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Who's to Blame for the 'Black Friday Creep' – Retailers or Consumers?

Target and Walmart's Thanksgiving Day Opening Hours Protested for 'Ruining' Holiday

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  • toys r us
    (Photo: REUTERS/Eric Thayer)
    Customers shop at Toys "R" Us in New York November 24, 2011. Stores looking to grab as big a piece as possible of what is expected to be a middling holiday shopping season pushed post-Thanksgiving openings into Thursday evening, getting an early start on "Black Friday," the traditional start to the U.S. holiday shopping season.
By Katherine Weber, Christian Post Reporter
November 21, 2012|3:12 pm

Instead of standing in long lines and storming aisles this Black Friday, some Americans will be protesting what's known as the "Black Friday Creep" – retailers like Target and Walmart kicking off the holiday shopping season as early as 9 p.m. on Thanksgiving Day, which protesters say keeps workers from enjoying the holiday with their families.

Charlotte Hill, spokeswoman for the petition website Change.org, told USA Today that by Sunday, Nov. 20, 91 petitions against the "Black Friday Creep" had been launched. She expects the number of petitions to surpass last year's record of 150 come Thursday.

The petitions include titles such as "Target: Take the high road and save Thanksgiving" and "Kmart: Give your employees their holiday!"

"A 9 p.m. opening disgusts me and symbolizes everything that is wrong with this country," wrote C. Renee on her Change.org petition aimed at Target.

Another method of protest is the physical picketing of stores opening on Thanksgiving Day. Reports indicate that on Nov. 22, picketers will be setting up shop in front of Walmarts and Targets across the country to protest their early opening hours.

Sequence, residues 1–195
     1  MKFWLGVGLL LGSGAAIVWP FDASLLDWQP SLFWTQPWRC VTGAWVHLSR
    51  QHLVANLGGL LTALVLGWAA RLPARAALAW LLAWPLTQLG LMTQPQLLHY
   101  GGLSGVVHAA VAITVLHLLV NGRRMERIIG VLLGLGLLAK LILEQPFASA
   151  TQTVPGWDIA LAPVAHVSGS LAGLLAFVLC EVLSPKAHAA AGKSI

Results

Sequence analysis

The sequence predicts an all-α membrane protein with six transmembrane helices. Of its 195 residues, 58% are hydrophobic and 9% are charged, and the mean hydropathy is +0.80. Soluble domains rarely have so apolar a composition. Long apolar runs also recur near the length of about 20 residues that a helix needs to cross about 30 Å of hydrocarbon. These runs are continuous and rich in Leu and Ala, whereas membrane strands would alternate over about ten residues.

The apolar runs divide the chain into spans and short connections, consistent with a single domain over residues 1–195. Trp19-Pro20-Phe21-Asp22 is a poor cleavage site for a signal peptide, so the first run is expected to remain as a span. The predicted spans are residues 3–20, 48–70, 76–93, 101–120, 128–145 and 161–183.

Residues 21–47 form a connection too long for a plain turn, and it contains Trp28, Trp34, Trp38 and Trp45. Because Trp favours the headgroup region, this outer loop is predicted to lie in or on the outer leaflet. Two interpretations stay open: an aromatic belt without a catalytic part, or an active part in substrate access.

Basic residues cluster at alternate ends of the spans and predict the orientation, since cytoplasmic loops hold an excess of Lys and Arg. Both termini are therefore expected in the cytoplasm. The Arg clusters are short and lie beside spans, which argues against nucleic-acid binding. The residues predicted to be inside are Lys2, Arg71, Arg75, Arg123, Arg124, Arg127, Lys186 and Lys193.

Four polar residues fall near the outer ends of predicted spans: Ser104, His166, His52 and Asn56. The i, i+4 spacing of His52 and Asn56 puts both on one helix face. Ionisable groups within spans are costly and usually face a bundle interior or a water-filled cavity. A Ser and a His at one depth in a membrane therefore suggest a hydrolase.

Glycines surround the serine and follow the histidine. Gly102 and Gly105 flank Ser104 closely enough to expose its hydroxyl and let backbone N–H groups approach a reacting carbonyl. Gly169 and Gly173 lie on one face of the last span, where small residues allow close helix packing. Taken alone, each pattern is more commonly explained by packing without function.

In addition to the protests, some have been asking if consumers themselves aren't to blame for the so-called Black Friday Creep.

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Jennifer Waters, writing for The Wall Street Journal's Market Watch, says we have "no one but ourselves, or our neighbors, to blame" for the "Black Friday Creep."

"It makes sense then for retailers to just open the doors. They wouldn't if we didn't walk through them," Waters writes.

The Mountain View Patch agreed that the real issue with the "Black Friday Creep" is consumers choosing to take advantage of it.

"Consumers are getting caught in the middle, debating whether or not to buy into the commercialism of the holiday," reads the Mountain View Patch.

"Some may wish that people reverenced Thanksgiving as a sacred day, set aside to give sincere thanks to God for our many blessings. Apparently, they don't anymore. Or they think they can walk and chew gum at the same time," writes Bill Blankschaen on Patheos.com.

"The reality is that people have a choice – if you don't like it, work somewhere else or shop somewhere else. Somehow I don't think that many people will have the courage to do either as we tend to worship our next paychecks," Blankschaen added.

 

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